Impact Aid Fact Sheet

 

What is Impact Aid?:
Many local school districts across the United States include within their boundaries parcels of land that are owned by the Federal Government or that have been removed from the local tax rolls by the Federal Government, including Indian lands.  These school districts face special challenges--they must provide a quality education to the children living on the Indian and other Federal lands, while sometimes operating with less local revenue than is available to other school districts, because the Federal property is exempt from local property taxes.

Since 1950, Congress has provided financial assistance to these local school districts through the Impact Aid Program. Impact Aid was designed to assist local school districts that have lost property tax revenue due to the presence of tax-exempt Federal property, or that have experienced increased expenditures due to the enrollment of federally connected children, including children living on Indian lands. The Impact Aid law (now Title VIII of the Elementary and Secondary Education Act of 1965 (ESEA)) provides assistance to local school districts with concentrations of children residing on Indian lands, military bases, low-rent housing properties, or other Federal properties and, to a lesser extent, for children who have parents in the uniformed services or employed on eligible Federal properties who do not live on Federal property.

Are there different kinds of impact aid? What makes a district eligible for a specific type of impact aid?
Yes, there are four different types of impact aid and their names and eligibility requirements are as follows:

Payments for Federal Property (Section 8002)
Payments for Federal Property assist local school districts that have lost a portion of their local tax base because of Federal ownership of property. To be eligible, a school district must demonstrate that the Federal Government has acquired, since 1938, real property with an assessed valuation of at least 10 percent of all real property in the district at the time of acquisition.

Basic Support Payments (Section 8003(b))
Basic Support Payments help local school districts that educate federally connected children. These may be the children of members of the uniformed services, children who reside on Indian lands, children who reside on Federal property or in federally subsidized low-rent housing, and children whose parents work on Federal Property. In general, to be eligible for assistance a local school district must educate at least 400 such children in average daily attendance, or the federally connected children must make up at least 3 percent of the school district's total average daily attendance. Heavily Impacted Districts that enroll certain percentages of federally connected children and meet other specific statutory criteria, receive increased formula payments under Section 8003(b)(2).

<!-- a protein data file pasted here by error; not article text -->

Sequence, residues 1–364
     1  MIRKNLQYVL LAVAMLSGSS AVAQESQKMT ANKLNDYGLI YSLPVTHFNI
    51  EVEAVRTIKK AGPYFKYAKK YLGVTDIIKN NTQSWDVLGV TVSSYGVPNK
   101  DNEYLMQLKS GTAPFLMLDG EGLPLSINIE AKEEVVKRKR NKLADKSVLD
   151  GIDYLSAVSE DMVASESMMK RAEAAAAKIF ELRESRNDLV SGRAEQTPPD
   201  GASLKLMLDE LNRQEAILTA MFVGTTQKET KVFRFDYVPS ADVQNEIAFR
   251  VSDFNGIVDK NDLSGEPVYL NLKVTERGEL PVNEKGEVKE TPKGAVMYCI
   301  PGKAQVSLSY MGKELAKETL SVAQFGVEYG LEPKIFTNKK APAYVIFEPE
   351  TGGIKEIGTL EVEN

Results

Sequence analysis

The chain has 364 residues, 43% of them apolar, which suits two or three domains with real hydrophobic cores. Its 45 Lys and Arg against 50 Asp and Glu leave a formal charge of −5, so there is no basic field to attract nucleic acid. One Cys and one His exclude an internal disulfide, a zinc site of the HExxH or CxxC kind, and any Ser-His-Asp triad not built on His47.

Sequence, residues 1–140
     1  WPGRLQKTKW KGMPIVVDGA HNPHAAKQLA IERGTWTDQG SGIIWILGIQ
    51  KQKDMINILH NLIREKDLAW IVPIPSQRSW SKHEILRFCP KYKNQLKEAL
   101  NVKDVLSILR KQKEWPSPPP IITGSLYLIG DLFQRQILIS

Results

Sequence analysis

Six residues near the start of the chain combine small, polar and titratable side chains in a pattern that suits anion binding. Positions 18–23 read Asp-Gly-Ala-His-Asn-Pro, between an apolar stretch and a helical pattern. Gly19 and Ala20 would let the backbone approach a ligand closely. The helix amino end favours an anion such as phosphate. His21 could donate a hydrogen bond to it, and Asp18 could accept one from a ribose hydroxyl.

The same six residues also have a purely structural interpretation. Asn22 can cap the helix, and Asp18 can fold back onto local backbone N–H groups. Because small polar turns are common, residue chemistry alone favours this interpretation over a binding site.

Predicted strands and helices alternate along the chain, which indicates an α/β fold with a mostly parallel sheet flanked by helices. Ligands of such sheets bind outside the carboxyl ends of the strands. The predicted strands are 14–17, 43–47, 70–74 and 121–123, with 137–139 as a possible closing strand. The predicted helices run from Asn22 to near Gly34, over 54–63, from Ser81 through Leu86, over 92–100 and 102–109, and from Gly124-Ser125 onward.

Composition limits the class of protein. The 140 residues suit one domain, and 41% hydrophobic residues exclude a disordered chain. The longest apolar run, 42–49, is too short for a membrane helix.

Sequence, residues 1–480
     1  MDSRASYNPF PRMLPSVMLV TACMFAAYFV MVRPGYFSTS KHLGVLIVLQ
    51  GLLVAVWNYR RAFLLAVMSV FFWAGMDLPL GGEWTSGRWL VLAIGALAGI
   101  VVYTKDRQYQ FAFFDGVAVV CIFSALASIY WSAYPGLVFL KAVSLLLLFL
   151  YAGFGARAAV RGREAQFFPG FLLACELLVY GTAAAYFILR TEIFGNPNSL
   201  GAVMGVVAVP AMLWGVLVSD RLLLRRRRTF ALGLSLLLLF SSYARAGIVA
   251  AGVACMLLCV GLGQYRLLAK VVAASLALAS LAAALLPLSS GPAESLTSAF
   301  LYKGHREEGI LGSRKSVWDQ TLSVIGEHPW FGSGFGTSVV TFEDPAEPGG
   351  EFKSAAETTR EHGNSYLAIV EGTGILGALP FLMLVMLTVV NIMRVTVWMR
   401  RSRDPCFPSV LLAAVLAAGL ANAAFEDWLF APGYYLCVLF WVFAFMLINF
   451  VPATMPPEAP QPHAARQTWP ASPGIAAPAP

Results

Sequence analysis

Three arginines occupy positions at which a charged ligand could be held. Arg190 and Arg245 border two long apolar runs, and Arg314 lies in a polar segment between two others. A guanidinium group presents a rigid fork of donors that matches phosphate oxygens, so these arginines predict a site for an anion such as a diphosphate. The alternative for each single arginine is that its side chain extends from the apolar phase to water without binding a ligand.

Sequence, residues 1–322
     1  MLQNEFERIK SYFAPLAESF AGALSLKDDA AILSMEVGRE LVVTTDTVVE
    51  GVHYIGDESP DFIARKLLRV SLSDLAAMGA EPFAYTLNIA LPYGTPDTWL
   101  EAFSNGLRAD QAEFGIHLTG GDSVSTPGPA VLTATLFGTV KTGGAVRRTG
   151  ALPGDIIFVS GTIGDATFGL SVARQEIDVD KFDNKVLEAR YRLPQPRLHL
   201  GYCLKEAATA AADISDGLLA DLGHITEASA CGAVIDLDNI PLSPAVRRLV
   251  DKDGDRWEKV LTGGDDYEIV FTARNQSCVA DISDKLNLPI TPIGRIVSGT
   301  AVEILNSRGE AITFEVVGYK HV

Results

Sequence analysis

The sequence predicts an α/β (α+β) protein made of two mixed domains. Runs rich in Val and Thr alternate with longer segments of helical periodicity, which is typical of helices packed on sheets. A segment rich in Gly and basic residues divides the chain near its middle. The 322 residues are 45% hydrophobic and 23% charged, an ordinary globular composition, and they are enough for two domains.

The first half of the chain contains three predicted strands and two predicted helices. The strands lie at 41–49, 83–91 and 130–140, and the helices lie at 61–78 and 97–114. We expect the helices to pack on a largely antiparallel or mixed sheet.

Children With Disabilities Payments (Section 8003(d))
Payments for Children with Disabilities provide additional assistance to school districts that educate federally connected children who are eligible for services under the Individuals with Disabilities Act (IDEA). These payments are in addition to Basic Support Payments and IDEA funds provided on behalf of these children. A school district that receives these funds MUST use them for the increased costs of educating federally connected children with disabilities.

Construction Grants (Section 8007
Construction Grants go to local school districts that educate high percentages of certain federally connected children — both children living on Indian lands and children of members of the uniformed services. These grants help pay for the construction and repair of school buildings. Section 8007(a) provides formula grants to the local school districts based on the number of eligible federally connected children they educate. Section 8007(b) provides competitive grants for emergency repairs and modernization.

How does a school district apply?:
Local school districts must submit an application annually. Applications are available from the Impact Aid Program beginning in November and must be submitted by January 31. A school district must provide in its application specific information about the local federal property, the number of children enrolled that are associated with the federal property, and the total membership and average daily attendance in the schools. State departments of education must also provide some data.

How can school districts use Impact Aid?:
School districts use Impact Aid for a wide variety of expenses, including the salaries of teachers and teacher aides; purchasing textbooks, computers, and other equipment; after school programs and remedial tutoring; advanced placement classes; and special enrichment programs. Most Impact Aid funds are considered general aid to the recipient school districts and may be used in whatever manner they choose, in accordance with state and local requirements. Although most school districts use Impact Aid for current expenditures, funds may also be used for capital expenditures. Payments for Children with Disabilities must be used for the extra costs of educating these children.

Payments:
In order to be eligible for Impact Aid payments, a school district must have an enrollment of at least 400 federally connected students or the number of those children must be at least 3 percent of the average daily attendance (ADA). Each district, using a federal Parent-Pupil Survey, collects enrollment information annually. Survey numbers are used as the basis for payment calculations for the following school year.